Mobilecasting With BlogTalkRadio

Feb 19th, 2008 | By | Category: Audio Podcasting, iPhone, Mobile Podcasting

Blog Talk Radio

At Scripting News, pioneering podcaster Dave Winer is highlighting a service from BlogTalkRadio that makes podcasting a no-brainer:

A new service from BlogTalkRadio…

Call their special phone number: 646-200-0000. It records the call. When you’re done it creates an RSS 2.0 feed with an enclosure that’s an MP3 of the call.

The address of the feed is a function of the phone number you called from. I just called in a podcast from my Nokia N95, which they added to this feed:

That’s all there is to it! No registration. They have a web page for it, but it’s completely unnecessary.

Winer notes that it would be tough to make a mobile podcasting service that was any easier.

Robert Scoble is wowed by the service too, saying “Holy donuts is this cool.”

They are right – but in this case, I think there’s something just as important as ease of use to consider – your privacy.

I question a service that makes it easy to do something dangerous.

BlogTalkRadio’s service uses your phone number as the URL of your podcast feed, and embeds your phone number in the feed in several ways: Cinch is a voice to RSS service provided by BlogTalkRadio. To use this service simply call (646) 200-0000, record your message, hang up and subscribe to

By using this service, you’re not just advertising your phone number to the world, you’re doing it in a way that makes it easy for automated crawlers, spammers and Internet creeps to find.

On the Internet, there’s always someone that wants to spam your email, your comments, your pingbacks, your social network attention. Putting your phone number in an RSS feed and syndicating your personal info to the Internet is an invitation for problems.

A better solution would to let you pick the URL that you want your podcast to show up at the first time that you call into the service.

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5 Responses to “Mobilecasting With BlogTalkRadio”

  1. Rian says:

    All they need to do is put in a feature that lets you change the public url associated with that number. I think they’ve got the right idea though, let people do as much as possible without registering, but allow them to register if they are concerned about privacy.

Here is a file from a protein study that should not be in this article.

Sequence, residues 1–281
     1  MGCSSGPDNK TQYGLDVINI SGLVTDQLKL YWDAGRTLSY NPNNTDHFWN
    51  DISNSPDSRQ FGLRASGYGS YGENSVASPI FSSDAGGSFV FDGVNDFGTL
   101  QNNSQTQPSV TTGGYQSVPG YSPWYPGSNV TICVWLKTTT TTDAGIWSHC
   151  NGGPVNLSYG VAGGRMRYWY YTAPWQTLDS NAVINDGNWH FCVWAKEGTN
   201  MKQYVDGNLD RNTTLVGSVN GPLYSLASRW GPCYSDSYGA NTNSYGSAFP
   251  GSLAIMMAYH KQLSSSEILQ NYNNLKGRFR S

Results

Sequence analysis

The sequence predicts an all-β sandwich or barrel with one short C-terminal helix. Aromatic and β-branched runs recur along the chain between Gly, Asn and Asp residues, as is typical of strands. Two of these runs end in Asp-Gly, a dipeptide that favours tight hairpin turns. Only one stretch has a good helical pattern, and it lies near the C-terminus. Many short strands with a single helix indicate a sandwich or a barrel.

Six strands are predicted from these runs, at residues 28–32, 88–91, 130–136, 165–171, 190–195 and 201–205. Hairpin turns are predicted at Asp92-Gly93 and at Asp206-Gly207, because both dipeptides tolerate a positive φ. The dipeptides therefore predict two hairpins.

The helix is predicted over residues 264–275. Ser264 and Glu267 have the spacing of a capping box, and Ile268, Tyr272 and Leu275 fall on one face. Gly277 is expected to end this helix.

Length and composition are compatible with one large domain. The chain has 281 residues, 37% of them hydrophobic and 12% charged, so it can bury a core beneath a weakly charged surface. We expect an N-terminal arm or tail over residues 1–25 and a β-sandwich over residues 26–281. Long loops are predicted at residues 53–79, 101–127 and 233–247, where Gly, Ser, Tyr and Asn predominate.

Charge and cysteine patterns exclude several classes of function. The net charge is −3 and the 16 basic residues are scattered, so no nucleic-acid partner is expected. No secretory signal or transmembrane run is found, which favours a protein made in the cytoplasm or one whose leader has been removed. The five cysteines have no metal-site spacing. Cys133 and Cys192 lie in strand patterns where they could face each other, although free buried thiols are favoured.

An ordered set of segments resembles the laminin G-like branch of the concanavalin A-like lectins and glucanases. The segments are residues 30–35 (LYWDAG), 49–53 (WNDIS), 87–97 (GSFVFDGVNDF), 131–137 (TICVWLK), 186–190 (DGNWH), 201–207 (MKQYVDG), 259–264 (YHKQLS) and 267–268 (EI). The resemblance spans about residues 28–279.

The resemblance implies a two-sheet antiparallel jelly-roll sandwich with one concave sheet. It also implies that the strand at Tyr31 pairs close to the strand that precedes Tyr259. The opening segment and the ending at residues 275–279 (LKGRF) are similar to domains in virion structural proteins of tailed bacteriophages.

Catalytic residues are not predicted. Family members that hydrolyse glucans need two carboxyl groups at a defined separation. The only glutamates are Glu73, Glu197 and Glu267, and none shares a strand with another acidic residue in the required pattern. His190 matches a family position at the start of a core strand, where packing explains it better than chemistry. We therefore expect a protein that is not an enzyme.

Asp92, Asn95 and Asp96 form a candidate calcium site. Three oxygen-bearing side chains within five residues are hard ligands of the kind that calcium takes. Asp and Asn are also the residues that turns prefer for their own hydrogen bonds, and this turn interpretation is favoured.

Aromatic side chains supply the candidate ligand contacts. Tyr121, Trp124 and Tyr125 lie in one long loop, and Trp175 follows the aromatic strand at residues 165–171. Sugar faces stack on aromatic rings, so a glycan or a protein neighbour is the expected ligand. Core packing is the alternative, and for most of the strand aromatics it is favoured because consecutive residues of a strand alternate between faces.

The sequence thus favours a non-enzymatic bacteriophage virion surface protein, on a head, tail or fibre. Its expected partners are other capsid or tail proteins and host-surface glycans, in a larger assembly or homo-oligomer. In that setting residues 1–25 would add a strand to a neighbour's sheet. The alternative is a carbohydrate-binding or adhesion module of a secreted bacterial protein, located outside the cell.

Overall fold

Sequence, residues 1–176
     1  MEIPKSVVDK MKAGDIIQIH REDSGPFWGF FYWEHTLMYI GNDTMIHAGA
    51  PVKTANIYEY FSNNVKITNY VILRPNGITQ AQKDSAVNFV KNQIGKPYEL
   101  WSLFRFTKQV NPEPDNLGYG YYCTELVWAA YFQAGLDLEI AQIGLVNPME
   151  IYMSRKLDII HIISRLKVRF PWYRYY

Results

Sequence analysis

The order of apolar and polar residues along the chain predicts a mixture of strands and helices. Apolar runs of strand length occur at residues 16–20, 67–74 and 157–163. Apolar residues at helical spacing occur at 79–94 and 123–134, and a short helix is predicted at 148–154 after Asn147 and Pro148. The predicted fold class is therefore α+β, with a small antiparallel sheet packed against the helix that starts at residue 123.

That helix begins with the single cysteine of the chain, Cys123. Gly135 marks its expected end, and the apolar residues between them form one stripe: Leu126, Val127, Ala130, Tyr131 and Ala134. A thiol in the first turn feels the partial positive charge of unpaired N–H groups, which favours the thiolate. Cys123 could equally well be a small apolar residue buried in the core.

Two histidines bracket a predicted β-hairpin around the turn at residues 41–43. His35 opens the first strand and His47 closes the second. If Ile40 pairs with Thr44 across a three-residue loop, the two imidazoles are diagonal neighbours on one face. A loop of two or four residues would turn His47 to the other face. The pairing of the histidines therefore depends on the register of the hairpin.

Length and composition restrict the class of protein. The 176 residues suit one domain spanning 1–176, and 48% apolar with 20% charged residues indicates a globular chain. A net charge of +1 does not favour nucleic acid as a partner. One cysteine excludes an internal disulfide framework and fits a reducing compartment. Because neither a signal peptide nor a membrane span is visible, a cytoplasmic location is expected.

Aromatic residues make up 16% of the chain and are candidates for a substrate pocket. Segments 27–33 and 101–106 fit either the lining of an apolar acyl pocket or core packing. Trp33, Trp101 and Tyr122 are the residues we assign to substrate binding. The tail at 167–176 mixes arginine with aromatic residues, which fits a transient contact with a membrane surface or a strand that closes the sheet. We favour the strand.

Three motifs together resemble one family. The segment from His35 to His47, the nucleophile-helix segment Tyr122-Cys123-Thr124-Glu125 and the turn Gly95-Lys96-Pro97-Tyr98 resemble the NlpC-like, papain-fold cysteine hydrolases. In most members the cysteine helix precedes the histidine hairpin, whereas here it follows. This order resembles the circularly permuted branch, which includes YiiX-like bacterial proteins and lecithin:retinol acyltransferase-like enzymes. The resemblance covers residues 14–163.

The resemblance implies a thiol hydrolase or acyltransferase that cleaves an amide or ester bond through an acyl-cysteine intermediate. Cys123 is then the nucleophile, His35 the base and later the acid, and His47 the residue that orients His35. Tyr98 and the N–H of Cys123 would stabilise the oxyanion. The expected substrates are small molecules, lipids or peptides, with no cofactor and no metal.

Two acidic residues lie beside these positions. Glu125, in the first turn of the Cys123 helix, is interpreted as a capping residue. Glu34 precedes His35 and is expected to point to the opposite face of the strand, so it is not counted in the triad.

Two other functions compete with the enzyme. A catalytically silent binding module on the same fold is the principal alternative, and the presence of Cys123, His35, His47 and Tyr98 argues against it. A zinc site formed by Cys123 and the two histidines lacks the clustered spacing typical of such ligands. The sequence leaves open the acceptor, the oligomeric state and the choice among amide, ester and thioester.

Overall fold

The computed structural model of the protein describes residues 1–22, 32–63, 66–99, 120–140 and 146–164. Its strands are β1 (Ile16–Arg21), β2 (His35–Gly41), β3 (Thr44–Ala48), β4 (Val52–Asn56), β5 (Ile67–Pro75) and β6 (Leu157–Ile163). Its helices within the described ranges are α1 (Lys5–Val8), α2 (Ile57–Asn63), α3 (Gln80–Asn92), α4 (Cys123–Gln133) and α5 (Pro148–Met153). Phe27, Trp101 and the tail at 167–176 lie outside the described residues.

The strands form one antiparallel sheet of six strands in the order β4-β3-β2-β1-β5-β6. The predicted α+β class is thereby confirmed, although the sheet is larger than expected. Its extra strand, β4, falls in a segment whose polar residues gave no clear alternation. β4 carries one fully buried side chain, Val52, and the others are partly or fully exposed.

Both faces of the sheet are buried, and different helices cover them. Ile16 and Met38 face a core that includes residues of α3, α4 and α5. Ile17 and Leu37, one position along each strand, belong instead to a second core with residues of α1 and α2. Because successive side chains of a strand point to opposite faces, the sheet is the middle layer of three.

2. Kris Smith says:

    I’ve answered a lot of questions around the webernet today regarding Cinch and @Rian nailed it on the head. In the next few days we will have additional functionality for changing the url to a user name and the ability to add a pin for your phone number.

    Example – instead of I could have

    Cinch will have new features, however, the core functionality will remain unchanged. Users won’t be required to register and create a username or pin to use the service. The goal is to keep it simple and let developers build tools on top of the service. Dave said it best by calling it a simple podcasting API.

    In thirty minutes this morning I rewrote my own Cinch feed as an example of how easy it is to use the service as an API – I took a little more time to write a script that takes my Cinch messages and inserts them into my blog as drafts, then sends me an email with a link for me to choose if the Cinch message should go live. Now, neither of these uses are groundbreaking but they were developed rapidly without me first having to build an phone to mp3 bridge or registering with a provider.

    It will be up to the end user on how they would like to use the service and what information they would like to share.

  3. James Lewin says:


    Sounds like others have had the same concern I had – and that you’re already thinking about this. That’s great to hear. I’m looking forward to seeing how you develop this.

  4. Rian says:

    @Kris Fantastic! IMO, this is a groundbreaking service. It’s not always the technology that makes stuff innovative, this is a great example.

  5. […] This new option will certainly make a lot of people like bwana, TechPedia, Podcasting News, Mark Ghosh, Brad @ Download Squad, Alex, MikePhillips, SolSie, and others even happier. […]

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